In 1081 when Su Shi was 42 years old, he was arrested for writing controversial poetry which was said to criticize government reforms. He would have been sentenced to death but for Emperor Shenzong who instead exiled him to a remote area, Huangzhou. The land was dry and suffering from drought, and he was forced to work the parched earth or starve. As a result, he wrote the poetry of East Slope.
Translated by Jeffrey Yang, Su Shi’s poetry is simple – almost stark – but beautiful. He speaks of the labor of beginning with only an empty field and no food or home. As he toils over the land, his poetry expresses a contrast of having nothing yet being rich in the surroundings of nature.
Any nature lover, gardener, or farmer can easily relate to the ancient poetry of Su Shi, as can anyone who has ever lost it all, yet found the beauty in beginning again.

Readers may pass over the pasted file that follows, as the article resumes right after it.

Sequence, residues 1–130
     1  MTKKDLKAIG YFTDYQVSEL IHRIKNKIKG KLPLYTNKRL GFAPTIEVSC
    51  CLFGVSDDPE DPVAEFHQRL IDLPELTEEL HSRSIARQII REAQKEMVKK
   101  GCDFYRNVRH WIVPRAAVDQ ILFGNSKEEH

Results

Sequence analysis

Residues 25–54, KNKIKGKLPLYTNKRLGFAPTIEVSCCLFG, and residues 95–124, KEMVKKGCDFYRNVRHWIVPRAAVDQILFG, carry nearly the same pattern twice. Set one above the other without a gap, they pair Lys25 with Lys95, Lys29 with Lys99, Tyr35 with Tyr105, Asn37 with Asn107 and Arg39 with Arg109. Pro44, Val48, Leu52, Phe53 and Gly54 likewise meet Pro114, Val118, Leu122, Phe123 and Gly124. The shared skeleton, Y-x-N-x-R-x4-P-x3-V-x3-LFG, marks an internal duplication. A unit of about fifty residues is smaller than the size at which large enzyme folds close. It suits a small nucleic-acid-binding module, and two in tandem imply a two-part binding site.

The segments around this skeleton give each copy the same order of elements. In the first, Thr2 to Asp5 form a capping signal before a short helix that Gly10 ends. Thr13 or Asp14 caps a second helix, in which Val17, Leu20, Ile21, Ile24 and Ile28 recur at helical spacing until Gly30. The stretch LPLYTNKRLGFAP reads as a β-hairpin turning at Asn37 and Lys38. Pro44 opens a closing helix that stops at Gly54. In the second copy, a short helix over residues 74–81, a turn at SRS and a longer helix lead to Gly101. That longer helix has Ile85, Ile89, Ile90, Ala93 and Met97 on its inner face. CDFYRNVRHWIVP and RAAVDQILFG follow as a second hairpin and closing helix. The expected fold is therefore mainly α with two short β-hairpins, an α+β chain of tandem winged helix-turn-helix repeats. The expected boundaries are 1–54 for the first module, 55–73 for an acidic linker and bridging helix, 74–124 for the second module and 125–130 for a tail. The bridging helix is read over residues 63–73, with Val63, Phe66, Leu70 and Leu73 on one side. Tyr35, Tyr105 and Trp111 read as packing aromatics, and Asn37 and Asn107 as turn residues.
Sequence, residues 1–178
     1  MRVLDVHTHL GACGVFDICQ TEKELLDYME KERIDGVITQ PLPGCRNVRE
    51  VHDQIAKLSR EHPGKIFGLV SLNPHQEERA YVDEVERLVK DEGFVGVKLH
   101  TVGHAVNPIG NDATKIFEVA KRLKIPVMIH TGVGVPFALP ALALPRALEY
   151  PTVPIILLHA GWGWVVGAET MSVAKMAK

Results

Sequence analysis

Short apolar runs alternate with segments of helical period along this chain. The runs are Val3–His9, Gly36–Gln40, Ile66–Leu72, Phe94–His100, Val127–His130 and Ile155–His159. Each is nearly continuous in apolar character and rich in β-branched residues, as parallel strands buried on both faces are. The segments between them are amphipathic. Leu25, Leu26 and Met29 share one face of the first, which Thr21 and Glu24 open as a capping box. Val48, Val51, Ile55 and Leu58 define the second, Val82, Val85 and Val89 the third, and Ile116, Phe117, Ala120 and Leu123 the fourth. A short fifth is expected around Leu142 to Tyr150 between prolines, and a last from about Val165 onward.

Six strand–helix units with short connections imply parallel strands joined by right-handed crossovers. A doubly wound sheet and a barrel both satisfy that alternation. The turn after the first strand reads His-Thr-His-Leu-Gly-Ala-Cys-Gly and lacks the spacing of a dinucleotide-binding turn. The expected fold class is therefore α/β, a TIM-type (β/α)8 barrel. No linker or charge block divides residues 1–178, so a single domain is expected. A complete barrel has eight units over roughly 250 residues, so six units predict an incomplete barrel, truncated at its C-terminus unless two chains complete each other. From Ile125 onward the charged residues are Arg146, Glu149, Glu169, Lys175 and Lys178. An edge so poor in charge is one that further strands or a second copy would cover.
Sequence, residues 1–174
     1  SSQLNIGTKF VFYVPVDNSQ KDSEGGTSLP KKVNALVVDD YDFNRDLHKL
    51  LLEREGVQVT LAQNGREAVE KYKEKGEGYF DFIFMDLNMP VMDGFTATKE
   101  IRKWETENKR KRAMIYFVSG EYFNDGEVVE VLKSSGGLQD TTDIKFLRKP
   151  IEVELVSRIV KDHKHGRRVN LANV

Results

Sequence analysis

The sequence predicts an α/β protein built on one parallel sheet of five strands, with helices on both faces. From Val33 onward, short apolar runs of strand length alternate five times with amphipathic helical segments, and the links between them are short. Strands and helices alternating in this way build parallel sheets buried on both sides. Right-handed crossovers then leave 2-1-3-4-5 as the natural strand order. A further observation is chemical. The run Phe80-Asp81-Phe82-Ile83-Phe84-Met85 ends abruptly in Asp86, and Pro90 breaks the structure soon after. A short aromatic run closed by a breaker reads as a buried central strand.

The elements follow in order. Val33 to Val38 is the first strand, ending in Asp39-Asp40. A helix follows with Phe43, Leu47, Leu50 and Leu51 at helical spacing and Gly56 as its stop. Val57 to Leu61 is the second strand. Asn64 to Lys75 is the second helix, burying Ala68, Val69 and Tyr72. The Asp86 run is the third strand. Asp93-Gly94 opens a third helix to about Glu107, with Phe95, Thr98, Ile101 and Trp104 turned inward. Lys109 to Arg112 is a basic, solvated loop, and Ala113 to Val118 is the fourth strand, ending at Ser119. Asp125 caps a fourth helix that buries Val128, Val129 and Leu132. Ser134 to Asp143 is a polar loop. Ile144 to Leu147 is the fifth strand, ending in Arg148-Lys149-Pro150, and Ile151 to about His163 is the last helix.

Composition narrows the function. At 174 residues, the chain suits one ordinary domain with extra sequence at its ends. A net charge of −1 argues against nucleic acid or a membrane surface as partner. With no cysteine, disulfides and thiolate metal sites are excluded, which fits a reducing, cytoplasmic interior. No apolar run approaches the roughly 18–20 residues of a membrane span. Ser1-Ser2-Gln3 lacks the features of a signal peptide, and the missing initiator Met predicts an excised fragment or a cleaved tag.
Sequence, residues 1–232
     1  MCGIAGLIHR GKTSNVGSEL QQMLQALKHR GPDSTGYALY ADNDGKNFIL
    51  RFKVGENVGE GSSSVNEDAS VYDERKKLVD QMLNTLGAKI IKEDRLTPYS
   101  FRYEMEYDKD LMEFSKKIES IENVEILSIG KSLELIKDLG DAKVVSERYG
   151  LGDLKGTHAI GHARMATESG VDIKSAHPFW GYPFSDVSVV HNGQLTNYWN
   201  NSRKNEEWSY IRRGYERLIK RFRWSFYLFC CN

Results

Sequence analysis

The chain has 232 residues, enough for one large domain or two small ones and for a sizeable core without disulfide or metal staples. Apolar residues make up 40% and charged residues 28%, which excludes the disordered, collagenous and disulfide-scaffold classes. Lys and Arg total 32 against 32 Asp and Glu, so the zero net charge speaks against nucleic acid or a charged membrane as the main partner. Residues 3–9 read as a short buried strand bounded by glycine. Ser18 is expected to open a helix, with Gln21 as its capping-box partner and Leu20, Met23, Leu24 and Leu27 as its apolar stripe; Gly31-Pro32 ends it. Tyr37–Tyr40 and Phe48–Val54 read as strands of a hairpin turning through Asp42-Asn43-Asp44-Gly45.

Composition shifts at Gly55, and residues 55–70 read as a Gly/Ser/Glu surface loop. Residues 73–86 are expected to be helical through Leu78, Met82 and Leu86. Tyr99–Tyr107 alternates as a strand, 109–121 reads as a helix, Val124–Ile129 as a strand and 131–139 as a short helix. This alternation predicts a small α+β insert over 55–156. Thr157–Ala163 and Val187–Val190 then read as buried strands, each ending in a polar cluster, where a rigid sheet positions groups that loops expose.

Published by Ugly Duckling Presse, this unique collection is printed in the same simple yet elegant manner of the poet’s words. Bound in a folder, tied with string, each poem contains both the original Chinese characters and the English translation; each poem written on a subtle pictorial background. East Slope is a must-own piece for any lover of ancient Chinese literature; this handful of precious poems will be returned to again and again.